The Center’s expert medical team develops an individualized treatment plan for each pregnant patient. They apply their years of experience and access to current research to determine the best course of care for each mother. Sadly, there are times when even the best medical expertise is unable to save a very sick fetus or baby. Pregnant mothers whose babies have a confirmed diagnosis of a life-limiting condition are offered perinatal palliative care services.
What are the benefits?
This special program gives extra emotional support to the parents and family. A care coordinator walks them through the process of making an individualized birth plan. This step-by-step birth plan allows parents to make important choices about the care given to mom and baby. Information about loss and grieving is given to the family along with extended, supportive follow-up for a year following the loss of the baby. Our team includes obstetricians, pediatricians, lactation specialists, genetic counselors, social workers, chaplains, nurses – a group of caring individuals who want to provide the best possible support and guidance.
When does the program start and what services are offered?
Parents are referred to our Perinatal Palliative Care program if their unborn baby is discovered to have a fatal or life-limiting condition. Each mother is connected with a care coordinator who will be her primary contact during the pregnancy and for a year or longer after the baby is born. Our care coordinators are licensed clinical social workers with experience working with complicated pregnancies and babies with complex medical conditions.
A care coordinator will coordinate prenatal care and provide information about what to expect during pregnancy and beyond. She will help schedule UNC appointments, give tours of UNC hospital, including labor and delivery, facilitate prenatal consults with medical providers who will care for mom and baby, help develop a birth plan, and provide support for the entire family.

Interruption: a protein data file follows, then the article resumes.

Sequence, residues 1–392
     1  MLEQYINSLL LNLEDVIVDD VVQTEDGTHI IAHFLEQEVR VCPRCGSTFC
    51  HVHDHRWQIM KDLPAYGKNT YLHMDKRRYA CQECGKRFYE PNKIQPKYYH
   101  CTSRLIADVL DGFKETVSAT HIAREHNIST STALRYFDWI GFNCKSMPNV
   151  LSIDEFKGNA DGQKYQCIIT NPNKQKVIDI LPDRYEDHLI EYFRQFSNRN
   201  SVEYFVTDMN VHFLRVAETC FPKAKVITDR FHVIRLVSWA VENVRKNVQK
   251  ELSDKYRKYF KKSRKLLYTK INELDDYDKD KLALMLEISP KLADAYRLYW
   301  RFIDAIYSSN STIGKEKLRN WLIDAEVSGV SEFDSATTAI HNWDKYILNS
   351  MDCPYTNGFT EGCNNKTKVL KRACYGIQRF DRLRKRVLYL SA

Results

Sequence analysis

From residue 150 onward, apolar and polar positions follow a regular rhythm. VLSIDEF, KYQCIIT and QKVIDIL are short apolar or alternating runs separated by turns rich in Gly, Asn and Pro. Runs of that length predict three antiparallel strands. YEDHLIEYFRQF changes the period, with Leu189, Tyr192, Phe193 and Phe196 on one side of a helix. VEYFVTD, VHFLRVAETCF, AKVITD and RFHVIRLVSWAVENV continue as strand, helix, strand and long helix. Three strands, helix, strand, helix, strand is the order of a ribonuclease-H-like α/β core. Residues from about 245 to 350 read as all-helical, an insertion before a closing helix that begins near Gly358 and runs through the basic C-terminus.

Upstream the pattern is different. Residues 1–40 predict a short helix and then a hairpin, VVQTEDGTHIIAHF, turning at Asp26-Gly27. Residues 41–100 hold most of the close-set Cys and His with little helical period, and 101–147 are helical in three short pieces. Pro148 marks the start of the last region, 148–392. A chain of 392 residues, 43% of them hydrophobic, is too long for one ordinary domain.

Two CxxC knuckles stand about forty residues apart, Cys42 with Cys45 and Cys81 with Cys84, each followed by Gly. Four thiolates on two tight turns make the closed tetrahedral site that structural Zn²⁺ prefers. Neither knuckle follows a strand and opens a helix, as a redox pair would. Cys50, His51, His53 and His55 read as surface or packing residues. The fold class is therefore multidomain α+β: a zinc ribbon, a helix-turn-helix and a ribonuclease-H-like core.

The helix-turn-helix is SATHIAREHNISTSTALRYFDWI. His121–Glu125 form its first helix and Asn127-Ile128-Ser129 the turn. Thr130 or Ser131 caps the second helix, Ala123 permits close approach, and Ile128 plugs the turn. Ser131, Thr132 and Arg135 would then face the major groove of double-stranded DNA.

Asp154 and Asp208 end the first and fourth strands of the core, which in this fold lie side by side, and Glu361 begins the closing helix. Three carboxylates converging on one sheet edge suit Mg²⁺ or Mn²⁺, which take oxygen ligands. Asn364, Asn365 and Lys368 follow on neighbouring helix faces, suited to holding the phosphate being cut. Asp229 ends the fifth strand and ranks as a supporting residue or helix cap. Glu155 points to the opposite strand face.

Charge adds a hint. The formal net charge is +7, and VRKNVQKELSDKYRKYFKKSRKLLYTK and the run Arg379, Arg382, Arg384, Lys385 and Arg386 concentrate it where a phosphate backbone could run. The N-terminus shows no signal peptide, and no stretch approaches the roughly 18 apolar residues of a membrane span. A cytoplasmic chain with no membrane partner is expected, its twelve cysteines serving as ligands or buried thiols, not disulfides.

A genetic counselor will talk with parents to explain the medical or genetic condition their baby has been diagnosed with and answer questions, review family history, and explain the medical tests that may be suggested to provide additional information about the baby’s condition and for future pregnancies (if desired).
A labor and delivery nurse is available to talk about what may happen during the labor and delivery process, options for pain management, and special momentos and keepsakes for families if a baby dies.
Newborn nursery providers (pediatricians and pediatric nurse practitioners) are available to talk about the medical management of the newborn and comfort care options. They encourage rooming-in (mom and newborn stay together).
The hospital social worker is experienced working with high-risk pregnant women after delivery. She talks with parents about the postpartum period, offers counseling and emotional support during the hospital stay, and can arrange community support including referrals to community home health and hospice agencies.
Board certified chaplains are available 24-hours a day for spiritual support. Darryl Owens, chaplain and grief counselor, provides prenatal counseling to parents as they experience anticipatory grief and loss; talks with families about spiritual, religious and cultural rituals around death; and discusses the planning of funerals and memorial services. Families may also be referred to local bereavement support groups.